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Published:August 5th, 2008 16:28 EST
John Shaft: Can you dig it?

John Shaft: Can you dig it?

By Garrett Godwin

Who`s the cat that won`t cop out, when there`s danger all around?
Shaft!
Can you dig it?
They say this cat is one bad mutha-
Shut ya mout`!
I`m talkin` `bout Shaft!
We can dig it!

1971`s Shaft starred Richard Roundtree in the title role-- a black private detective in New York hired to find the daughter of a Harlem mob boss (Moses Gunn).  Based on the character from screenwriter-novelist Ernest Tidyman, the film was a hit with black and white audiences, grossing $12 million dollars in the U.S. box office.  But what was even more memorable about Shaft was the theme song composed by Issac Hayes, which won both a Golden Globe and an Oscar.

Shaft spawned not one, but two sequels:

Shaft`s Big Score (1972): John Shaft investigates the death of his best friend, but finds himself in the middle of a gang war.

Shaft in Africa (1973): The P.I. goes undercover in the Motherland to bust a slave ring that leads him to Europe.

The complete trilogy has been shown all day today on the cable network TV One -- hosted by Shaft himself, Richard Roundtree, as he gives you facts on what went on behind the scenes.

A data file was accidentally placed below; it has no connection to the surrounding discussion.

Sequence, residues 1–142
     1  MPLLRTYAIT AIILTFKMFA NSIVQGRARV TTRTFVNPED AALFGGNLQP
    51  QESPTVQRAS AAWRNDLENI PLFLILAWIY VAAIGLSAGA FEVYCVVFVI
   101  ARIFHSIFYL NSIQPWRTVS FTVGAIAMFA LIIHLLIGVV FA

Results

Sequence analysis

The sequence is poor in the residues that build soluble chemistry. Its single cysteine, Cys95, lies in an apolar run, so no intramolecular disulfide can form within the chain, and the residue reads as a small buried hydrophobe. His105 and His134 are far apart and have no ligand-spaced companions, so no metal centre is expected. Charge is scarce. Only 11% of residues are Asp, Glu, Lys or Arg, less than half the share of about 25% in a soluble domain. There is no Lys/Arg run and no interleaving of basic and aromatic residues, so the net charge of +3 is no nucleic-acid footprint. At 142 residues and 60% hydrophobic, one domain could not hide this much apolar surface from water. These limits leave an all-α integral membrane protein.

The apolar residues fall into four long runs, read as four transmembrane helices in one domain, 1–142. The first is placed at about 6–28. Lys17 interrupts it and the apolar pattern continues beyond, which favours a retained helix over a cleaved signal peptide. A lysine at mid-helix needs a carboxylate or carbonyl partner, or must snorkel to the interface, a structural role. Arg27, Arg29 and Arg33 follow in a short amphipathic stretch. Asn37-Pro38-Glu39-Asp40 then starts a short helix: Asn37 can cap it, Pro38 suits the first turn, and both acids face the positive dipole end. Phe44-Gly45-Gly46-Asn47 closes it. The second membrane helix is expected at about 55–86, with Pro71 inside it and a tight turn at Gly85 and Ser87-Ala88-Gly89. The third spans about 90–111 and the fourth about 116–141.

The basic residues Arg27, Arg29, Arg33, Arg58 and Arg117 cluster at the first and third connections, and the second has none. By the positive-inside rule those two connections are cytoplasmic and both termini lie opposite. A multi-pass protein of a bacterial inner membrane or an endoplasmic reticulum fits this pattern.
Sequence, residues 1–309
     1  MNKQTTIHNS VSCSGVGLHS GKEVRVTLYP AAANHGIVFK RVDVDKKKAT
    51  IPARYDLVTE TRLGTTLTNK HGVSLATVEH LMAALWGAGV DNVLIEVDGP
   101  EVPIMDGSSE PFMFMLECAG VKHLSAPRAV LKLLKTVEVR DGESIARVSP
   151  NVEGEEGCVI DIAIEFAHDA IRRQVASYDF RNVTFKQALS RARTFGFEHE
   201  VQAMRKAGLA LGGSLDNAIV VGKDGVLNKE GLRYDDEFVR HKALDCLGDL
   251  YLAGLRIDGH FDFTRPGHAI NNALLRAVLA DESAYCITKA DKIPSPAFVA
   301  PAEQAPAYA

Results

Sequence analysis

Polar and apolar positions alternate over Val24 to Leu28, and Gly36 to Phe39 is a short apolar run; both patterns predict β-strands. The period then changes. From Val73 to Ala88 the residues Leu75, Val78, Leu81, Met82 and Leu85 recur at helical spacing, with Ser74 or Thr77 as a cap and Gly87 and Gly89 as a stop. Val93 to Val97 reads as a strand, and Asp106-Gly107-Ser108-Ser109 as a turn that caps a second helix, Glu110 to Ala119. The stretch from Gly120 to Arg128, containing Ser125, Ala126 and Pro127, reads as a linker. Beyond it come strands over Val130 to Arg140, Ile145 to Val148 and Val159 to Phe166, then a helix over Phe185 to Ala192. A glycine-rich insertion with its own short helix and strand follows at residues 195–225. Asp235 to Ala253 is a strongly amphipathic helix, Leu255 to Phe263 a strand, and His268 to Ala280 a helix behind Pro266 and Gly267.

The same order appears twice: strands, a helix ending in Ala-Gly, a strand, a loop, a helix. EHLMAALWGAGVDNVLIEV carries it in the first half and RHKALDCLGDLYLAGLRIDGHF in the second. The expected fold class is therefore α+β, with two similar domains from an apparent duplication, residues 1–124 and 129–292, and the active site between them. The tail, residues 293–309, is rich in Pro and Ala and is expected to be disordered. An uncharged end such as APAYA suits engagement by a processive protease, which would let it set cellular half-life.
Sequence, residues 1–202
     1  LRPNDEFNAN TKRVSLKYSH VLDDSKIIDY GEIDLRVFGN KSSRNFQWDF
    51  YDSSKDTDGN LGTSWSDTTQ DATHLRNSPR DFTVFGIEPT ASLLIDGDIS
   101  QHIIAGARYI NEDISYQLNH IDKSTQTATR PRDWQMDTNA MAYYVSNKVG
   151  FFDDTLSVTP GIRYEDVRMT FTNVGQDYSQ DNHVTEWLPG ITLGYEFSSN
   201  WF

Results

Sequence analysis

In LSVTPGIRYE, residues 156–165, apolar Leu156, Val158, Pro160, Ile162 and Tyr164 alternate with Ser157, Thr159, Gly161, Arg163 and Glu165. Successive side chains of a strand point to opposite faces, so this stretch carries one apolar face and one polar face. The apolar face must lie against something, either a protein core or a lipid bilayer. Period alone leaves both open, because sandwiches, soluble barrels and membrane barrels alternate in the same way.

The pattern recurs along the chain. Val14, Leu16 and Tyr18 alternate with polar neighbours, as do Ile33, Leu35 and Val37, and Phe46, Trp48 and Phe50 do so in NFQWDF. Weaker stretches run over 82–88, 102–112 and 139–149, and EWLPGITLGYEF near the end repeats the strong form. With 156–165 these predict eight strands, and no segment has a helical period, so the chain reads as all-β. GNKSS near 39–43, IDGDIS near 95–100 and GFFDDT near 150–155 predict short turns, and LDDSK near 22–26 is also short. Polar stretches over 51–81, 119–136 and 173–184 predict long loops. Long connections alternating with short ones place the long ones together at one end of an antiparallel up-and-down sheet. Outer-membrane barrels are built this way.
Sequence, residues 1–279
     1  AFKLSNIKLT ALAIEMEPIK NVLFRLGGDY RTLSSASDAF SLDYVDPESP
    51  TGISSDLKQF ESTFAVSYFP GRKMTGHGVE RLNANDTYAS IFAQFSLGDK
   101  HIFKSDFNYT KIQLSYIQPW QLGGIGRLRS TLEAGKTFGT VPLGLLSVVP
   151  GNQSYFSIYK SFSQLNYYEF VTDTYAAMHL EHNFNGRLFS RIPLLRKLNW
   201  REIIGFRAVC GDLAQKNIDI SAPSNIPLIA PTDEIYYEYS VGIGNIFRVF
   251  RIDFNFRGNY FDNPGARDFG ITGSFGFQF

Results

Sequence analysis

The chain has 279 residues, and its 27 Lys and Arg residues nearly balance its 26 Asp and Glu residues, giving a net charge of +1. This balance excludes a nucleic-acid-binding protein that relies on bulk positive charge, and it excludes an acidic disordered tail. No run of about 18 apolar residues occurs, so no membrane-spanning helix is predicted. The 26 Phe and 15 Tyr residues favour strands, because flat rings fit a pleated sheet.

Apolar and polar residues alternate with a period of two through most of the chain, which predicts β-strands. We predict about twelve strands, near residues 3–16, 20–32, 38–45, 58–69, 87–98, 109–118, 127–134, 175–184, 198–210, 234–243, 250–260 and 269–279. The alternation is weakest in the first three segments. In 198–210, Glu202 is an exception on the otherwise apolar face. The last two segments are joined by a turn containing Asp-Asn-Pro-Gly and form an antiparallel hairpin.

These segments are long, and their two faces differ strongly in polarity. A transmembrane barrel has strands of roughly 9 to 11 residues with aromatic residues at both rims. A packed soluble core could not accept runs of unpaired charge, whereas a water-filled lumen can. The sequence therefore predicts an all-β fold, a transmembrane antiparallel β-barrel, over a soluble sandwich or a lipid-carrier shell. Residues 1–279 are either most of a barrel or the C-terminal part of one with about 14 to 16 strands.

Shaft also went to the small screen on CBS in 1973, but the character was toned down and cancelled after seven episodes.  He returned to the big screen in 2000, but this time with Samuel L. Jackson as the nephew of the original: a NYPD detective.  The remake grossed $70 million dollars domestically, and there are rumors of a sequel to be released next year.

For over three decades, the legacy of Shaft continues to live on; it was said that the film started the "blaxploitation" genre in the early 1970s.  In 1994, Roundtree received the Lifetime Achievement at the MTV Movie Awards for playing the black private eye that`s a sex machine to all the ladies in all three films.  Six years later, the original film was chosen for preservation in the U.S. National Film Registry by the Library of Congress for being "culturally, historically, or aesthetically significant".  The character was even spoofed onscreen in films such as 2002`s Undercover Brother, with comedian-actor Eddie Griffin in the title role.

John Shaft was the first black action hero onscreen -- a cross between Sam Spade and James Bond.  He was strong, tough, streetwise, smart, and sexy with a fierce independence and the willingness of sticking it to "The Man".  Shaft was a complicated yet confidant man that played by his own rules -- and no one understood him but his woman.

Right on, John Shaft!